Depression is a mental health problem that affects people all over the world. Thankfully, many of those affected can successfully manage depression through therapy and other types of care. However, depression can still make it hard for many to work or do other daily tasks.
Is Depression a Disability? Depression may be considered a disability in such instances and people who suffer from it may be eligible for benefits. In this blog, we’ll look at what it means to be diagnosed with depression, what qualifies as a disability, why depression is a disability, your rights and the different kinds of disability payments you can get.
What is Depression?
Depression is a mental health disease indicated by constant sadness, lack of interest or pleasure, and other physical and emotional signs. The Diagnostic and Statistical Manual of Mental Disorders (DSM-5) defines depression as a bad mood or losing interest or pleasure in almost everything for at least two weeks.
The following are signs of depression and must be taken very seriously:
- Changes in appetite or weight
- Trouble sleeping or excessive sleeping
- Weariness or loss of energy
- Feelings of worthlessness or guilt
- Difficulty focusing or making choices
- Recurring thoughts of death or suicide
If you or someone you know suffers from any of the above, getting the right help is essential. Depression can range from mild to severe and significantly affect the quality of life. It’s important to remember that only a trained mental health professional should diagnose depression since it can be a complicated condition that may need specialised care.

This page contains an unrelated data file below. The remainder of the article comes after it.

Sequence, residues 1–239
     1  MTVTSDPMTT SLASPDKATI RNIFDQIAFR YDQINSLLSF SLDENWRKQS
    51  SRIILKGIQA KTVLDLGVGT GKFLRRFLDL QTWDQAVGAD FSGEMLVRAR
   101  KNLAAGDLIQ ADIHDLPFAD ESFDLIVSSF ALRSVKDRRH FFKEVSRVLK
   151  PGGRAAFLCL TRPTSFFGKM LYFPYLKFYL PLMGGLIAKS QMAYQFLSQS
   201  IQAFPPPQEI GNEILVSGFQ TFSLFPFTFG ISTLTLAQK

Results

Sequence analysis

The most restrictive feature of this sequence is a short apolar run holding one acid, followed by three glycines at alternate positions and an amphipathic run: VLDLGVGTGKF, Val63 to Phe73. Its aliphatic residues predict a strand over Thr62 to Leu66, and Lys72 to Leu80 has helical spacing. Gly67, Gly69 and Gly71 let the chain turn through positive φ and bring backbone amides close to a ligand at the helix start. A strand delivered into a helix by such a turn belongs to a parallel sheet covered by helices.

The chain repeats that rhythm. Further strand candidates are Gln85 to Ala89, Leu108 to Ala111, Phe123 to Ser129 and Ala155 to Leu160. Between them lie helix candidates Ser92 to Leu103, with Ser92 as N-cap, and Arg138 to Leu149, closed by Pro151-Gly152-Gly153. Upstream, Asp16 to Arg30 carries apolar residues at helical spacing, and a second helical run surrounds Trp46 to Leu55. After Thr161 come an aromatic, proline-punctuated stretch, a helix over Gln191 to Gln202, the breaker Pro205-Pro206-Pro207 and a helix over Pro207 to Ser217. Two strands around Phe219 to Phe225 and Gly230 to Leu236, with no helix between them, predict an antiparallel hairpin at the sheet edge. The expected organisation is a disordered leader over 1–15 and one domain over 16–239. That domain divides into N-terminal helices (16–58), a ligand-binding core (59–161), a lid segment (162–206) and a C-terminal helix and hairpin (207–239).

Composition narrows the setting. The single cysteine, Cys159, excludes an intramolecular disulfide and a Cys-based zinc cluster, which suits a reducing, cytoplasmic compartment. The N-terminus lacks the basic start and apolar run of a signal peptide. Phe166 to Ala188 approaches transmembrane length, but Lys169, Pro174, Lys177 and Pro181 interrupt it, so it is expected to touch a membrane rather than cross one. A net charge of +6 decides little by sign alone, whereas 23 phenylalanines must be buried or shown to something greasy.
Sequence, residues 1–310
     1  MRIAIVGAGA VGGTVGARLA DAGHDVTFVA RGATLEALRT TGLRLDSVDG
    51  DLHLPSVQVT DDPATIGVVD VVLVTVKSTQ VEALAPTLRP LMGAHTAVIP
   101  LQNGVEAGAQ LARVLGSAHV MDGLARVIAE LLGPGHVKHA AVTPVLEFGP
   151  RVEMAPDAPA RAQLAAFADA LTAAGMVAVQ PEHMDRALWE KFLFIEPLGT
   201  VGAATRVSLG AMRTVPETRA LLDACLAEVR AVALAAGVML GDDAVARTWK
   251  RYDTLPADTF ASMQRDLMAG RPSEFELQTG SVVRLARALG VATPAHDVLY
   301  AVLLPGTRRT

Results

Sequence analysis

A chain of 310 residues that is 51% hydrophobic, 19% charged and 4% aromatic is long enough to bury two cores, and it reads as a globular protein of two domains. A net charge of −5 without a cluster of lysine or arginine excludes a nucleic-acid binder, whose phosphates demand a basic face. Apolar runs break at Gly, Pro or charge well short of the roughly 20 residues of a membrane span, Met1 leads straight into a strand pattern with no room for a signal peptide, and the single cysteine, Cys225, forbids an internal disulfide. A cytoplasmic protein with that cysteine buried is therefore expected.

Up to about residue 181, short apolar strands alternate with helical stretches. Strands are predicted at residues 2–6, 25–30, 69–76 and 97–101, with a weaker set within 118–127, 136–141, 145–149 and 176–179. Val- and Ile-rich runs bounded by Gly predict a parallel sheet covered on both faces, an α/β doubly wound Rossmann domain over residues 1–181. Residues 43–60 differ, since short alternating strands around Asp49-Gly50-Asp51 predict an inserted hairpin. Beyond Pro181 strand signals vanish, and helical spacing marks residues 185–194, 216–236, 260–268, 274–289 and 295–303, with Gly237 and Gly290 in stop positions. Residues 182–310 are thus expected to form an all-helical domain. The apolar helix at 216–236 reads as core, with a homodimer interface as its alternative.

From this, the question of whether or not depression is a disability is a very important one. To answer, we must first examine what disability means in the law.
How Is Disability Defined?
The word ‘disability’ means a problem with the mind or body that makes it hard to do one or more of the most essential things in life. In the UK, the Equality Act of 2010 says that a mental health problem like depression is a disability if it makes it hard for a person to do everyday tasks and lasts for a long time.
A person is considered disabled if they have a long-term physical or mental problem that makes it hard for them to do everyday things.
The law says that your condition must:
- Have lasted or be expected to last at least one year, or
- Be likely to last for the rest of your life, or
- Have a significant negative impact on your capacity to engage in normal daily activities
Everyday activities that may be impaired include the following:
- Getting dressed
- Using the toilet
- Using a computer or phone
- Managing finances
- Taking medication
Severe depression can completely take over a person’s life and make it hard to do everyday things. There’s absolutely no question that it’s a disability. In an overworked and stressful work environment, it’s essential to be aware of mental health problems like depression.
What Are My Rights?
The Equality Act 2010 gives you specific rights if your depression meets the conditions for a disability under UK law. Here are just a few:
- Discrimination protection: You can’t be treated differently because of a disability in any part of your life, like work or school
- Reasonable accommodations: Employers and service providers must make sensible changes so that your disability doesn’t put you at a disadvantage